The act allows providers to use funds in accounts for mortgage loans, bond indentures, or other long-term financing in their computation of required reserve amounts, provided funds are available to make payments when operating funds are insufficient for these purposes. The act also allows providers to apply cash amounts held pursuant to requirements for such loans, indentures, or financing toward the provider's computation of the required operating reserve amount. Under the act, DSS may accept the terms or covenants regarding establishing or maintaining reserve or escrow funds or financial ratios associated with such loans, indentures, or other long-term financing as an alternative to the reserve requirements.


Under prior law, entrance fee or reserve fund escrows could not be pledged as collateral. The act creates an exception to allow providers to pledge reserve fund escrows as collateral for a first mortgage or other long-term financing obligation of the facility.

Financial Distress and Remediation Plan

Under the act, if a provider seeks modification, waiver, or extension of any of its material financial covenants or material payment terms under a mortgage loan, bond indenture, or other long term financing agreement, the provider must, within seven business days of making the request, (1) report the request in writing to the DSS commissioner and (2) provide a copy to the applicable residents councils. If DSS determines that a facility is in financial distress, the provider must propose a remediation plan to improve its financial health. Under the act, the provider must submit the plan to DSS and disclose the plan to the residents council. The provider must file regular reports (quarterly or on an alternative schedule established by DSS) on its progress in meeting its remediation plan with DSS and the residents council.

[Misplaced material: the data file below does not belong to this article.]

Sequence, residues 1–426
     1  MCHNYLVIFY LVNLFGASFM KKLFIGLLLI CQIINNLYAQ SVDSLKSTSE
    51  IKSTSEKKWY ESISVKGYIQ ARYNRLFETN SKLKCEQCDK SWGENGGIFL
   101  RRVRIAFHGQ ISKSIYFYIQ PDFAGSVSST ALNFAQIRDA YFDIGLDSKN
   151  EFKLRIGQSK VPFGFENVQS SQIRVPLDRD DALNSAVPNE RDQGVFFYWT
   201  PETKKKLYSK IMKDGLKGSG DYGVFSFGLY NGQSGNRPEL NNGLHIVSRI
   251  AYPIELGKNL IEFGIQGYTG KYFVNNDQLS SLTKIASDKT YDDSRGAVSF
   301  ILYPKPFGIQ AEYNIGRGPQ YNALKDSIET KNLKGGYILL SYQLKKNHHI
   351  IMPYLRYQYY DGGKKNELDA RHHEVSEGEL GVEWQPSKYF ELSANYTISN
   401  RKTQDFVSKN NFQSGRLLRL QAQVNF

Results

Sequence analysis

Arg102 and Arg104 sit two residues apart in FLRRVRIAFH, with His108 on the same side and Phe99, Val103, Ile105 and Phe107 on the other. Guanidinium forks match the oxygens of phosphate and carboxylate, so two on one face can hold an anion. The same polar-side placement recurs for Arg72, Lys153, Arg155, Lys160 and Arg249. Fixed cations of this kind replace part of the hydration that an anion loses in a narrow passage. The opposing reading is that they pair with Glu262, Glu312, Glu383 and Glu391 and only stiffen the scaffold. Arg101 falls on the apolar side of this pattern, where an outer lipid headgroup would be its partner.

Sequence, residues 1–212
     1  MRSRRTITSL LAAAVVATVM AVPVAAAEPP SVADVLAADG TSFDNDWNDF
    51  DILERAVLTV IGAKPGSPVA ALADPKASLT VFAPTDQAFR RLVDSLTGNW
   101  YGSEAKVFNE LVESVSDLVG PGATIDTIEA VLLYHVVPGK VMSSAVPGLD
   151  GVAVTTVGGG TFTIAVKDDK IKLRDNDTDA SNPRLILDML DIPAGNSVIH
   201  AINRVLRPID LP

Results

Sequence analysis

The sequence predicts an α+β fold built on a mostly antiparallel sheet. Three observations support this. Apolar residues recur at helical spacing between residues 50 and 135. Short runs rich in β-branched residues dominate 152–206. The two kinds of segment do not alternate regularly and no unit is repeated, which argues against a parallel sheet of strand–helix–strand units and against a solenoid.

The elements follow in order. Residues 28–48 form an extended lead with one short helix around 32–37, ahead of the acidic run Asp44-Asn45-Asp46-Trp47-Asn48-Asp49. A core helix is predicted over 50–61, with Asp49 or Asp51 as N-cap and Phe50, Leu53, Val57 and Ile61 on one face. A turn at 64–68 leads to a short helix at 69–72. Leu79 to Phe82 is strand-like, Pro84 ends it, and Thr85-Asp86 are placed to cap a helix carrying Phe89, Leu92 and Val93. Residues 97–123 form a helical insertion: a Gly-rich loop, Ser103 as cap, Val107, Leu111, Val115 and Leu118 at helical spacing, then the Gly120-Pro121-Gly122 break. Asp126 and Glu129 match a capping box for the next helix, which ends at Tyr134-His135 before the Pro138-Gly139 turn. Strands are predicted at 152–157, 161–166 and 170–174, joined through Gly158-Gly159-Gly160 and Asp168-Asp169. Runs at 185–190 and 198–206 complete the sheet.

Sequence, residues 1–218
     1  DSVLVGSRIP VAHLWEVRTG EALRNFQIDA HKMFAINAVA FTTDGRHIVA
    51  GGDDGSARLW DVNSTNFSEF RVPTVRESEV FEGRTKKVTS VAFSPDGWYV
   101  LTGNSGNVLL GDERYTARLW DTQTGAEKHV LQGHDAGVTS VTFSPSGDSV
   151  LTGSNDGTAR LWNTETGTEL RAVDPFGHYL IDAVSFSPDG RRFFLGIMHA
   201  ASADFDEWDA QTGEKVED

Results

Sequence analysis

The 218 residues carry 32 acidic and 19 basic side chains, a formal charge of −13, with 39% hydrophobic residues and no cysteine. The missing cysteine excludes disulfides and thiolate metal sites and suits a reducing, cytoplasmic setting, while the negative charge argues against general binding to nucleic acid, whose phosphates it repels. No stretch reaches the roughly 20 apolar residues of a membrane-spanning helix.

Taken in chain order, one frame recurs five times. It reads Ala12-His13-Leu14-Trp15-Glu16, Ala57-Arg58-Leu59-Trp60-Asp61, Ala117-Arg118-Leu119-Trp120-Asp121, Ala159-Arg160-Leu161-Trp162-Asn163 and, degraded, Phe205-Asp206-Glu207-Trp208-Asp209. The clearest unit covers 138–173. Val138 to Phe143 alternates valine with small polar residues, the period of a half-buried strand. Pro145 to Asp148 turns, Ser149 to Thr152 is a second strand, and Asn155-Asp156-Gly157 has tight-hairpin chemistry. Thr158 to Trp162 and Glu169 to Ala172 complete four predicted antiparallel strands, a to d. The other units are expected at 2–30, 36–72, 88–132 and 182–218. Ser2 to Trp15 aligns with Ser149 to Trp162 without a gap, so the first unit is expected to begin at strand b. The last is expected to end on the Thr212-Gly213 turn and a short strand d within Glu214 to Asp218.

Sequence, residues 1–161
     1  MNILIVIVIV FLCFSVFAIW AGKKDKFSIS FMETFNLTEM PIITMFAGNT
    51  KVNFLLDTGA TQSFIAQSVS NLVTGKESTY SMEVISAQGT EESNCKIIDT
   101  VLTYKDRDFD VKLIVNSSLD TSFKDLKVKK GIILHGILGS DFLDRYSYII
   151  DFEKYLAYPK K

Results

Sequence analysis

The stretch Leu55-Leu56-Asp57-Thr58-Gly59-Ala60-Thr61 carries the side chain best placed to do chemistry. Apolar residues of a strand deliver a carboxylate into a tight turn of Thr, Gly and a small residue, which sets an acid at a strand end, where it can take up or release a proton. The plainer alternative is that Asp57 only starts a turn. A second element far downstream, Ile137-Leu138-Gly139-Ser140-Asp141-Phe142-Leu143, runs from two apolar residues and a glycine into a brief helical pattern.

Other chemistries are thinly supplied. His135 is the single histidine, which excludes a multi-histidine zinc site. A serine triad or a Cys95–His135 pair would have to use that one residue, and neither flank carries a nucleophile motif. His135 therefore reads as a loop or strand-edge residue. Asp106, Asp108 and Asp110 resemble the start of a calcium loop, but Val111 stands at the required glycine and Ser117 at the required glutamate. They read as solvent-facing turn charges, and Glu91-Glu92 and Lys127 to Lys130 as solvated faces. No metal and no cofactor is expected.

The act requires the Advisory Committee on Continuing Care to meet by August 1, 2015 (though the act is not effective until October 1, 2015) and quarterly thereafter. It adds to the committee a DSS designee who must report to the DSS commissioner after every meeting on actions taken and recommendations made at the meeting.

By law unchanged by the act, the committee (1) assists continuing-care staff in its review and registration of functions; and (2) reports to the commissioner on developments in the field, any special problems associated with continuing care, and providers' and residents' concerns; and (3) when appropriate, recommends changes in statutes and regulations.


By law, the DSS commissioner, if he determines that anyone has violated continuing care facility laws, may ask the attorney general to seek restitution or damages and other appropriate relief for anyone injured by the violation. The act also applies this provision to violations of its requirements on residents' rights, residents councils, and provider communications.


Prior law required DSS to adopt regulations to carry out provisions related to continuing care facilities and contracts. The act instead allows DSS to adopt such regulations, including those concerning resident rights and protections.


Continuing Care Contract

By law, a continuing care contract is an agreement in which the provider furnishes a person care and shelter in a facility or care at home with the right to future access to care and shelter in a facility and medical or nursing services or other health-related benefits for the life of a person or for a period in excess of one year. By law, the agreement governs care for a person not related to the provider and requires a present or future transfer of assets or an entrance fee in addition to or instead of periodic charges.